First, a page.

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Kiri Masters
BrainTrust

In our mobile-centric world, this data point is one of the most telling: “Traffic was down 32 percent among those with the [Amazon] app, while it slowed only seven percent among those who do not carry it.”

We know that Amazon Prime members, and therefore their most loyal shoppers, skew to a higher household income. These households value convenience and selection, something that Amazon has set an exceptionally high benchmark for. Retailers who target the upper-middle income household will take the biggest hit from Amazon. Retailers who want to compete with Amazon will have to do it on a dimension that Amazon is weaker in such as product curation and discovery, impulse purchases or vendor relations.

Stefan Weitz
Guest

While in-store sales and share declined, we actually saw increases in online sales. Online sales for companies we analyzed roughly doubled on Prime Day vs. an average Tuesday, and GNC (one of our customers) experienced a five-fold increase on Prime Day vs. a typical Tuesday. So it’s important to not look at this solely as Amazon’s gain being everyone else’s loss — we are seeing the tides raise many boats.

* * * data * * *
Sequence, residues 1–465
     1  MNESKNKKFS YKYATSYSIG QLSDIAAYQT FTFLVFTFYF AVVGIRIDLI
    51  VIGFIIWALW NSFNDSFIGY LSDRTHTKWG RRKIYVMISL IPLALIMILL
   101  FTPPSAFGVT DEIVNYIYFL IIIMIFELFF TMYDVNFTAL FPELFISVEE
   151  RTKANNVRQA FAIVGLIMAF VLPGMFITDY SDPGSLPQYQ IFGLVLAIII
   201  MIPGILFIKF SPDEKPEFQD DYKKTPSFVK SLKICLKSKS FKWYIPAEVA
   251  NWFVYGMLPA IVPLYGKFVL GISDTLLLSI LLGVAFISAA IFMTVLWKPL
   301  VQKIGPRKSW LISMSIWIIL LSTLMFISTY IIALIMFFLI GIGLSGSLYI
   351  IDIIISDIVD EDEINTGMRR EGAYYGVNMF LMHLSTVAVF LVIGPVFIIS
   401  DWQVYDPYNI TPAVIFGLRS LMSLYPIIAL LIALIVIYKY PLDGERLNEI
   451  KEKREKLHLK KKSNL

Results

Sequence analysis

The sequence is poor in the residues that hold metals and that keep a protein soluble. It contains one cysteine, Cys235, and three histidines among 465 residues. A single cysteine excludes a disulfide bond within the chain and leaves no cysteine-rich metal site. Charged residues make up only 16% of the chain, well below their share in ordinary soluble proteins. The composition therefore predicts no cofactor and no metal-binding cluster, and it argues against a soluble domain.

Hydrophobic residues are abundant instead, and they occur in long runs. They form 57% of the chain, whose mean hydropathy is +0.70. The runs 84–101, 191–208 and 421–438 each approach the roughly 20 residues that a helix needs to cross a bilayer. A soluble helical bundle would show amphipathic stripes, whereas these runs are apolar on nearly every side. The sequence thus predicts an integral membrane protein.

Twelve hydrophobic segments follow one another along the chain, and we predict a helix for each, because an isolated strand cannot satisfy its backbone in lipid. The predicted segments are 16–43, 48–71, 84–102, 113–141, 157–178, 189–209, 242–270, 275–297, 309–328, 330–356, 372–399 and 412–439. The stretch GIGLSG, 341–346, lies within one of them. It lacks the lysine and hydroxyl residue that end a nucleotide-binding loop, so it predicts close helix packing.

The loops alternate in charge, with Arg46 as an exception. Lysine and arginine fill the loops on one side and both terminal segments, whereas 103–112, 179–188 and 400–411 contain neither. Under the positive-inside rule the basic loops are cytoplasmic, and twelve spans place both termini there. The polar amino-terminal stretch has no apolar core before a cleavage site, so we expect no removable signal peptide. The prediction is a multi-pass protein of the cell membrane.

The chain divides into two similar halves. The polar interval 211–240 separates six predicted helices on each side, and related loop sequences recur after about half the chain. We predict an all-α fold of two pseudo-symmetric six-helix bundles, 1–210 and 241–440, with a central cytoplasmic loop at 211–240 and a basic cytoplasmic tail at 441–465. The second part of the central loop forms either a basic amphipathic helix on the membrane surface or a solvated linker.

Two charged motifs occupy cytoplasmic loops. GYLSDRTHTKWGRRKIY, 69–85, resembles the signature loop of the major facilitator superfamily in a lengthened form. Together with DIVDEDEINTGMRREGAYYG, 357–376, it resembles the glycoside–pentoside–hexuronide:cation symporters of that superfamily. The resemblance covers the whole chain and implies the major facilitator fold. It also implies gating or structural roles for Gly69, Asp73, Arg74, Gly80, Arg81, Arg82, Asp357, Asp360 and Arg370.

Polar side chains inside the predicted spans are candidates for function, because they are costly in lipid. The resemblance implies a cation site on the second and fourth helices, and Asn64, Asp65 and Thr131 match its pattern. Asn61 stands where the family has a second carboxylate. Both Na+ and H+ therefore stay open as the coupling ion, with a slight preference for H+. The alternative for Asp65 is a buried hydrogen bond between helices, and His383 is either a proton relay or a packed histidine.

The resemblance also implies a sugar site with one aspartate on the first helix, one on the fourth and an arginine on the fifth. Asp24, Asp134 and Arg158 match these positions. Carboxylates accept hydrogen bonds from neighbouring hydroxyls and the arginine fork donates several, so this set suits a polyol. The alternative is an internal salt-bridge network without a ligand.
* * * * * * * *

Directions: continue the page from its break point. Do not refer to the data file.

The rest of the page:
Anna Tolmach
Guest

As the article says, it depends who you are as a retailer and when and where your shoppers shop. Since traffic rebounded for most retailers, there are ways to bookend Prime Day with attractive offers and promos. It also depends on if you’re competing directly with Amazon or not as Prime Day has a different focus each year. As a retailer, it would be hard to go head-to-head (this year in electronics) but it’s certainly possible to focus on other products not emphasized by Amazon.

Brandon Rael
BrainTrust

Retailers would be hard-pressed to compete with the reach, compelling bargains and impact of Amazon Prime Day. Amazon’s vast assortments and heavily discounted products on that day may just be an outlier that retailers will have to account for when they do their pre-season merchandising plans. Perhaps there will be a one-day substantial impact, and this should be planned for both from a store operations and supply chain perspective, yet in the grand scheme of things there may be ways for retailers to capitalize on this strategy.

Some reluctant retail brands such as Nike now have entered into the Amazon marketplace and they, certainly, as well as others will benefit from this increase in online traffic. So perhaps rather than cultivating strategies to compete with Prime Day, joining or collaborating with Amazon’s marketplace may be advantageous.

Doug Garnett
BrainTrust
Doug Garnett
President, Protonik
1 year 9 months ago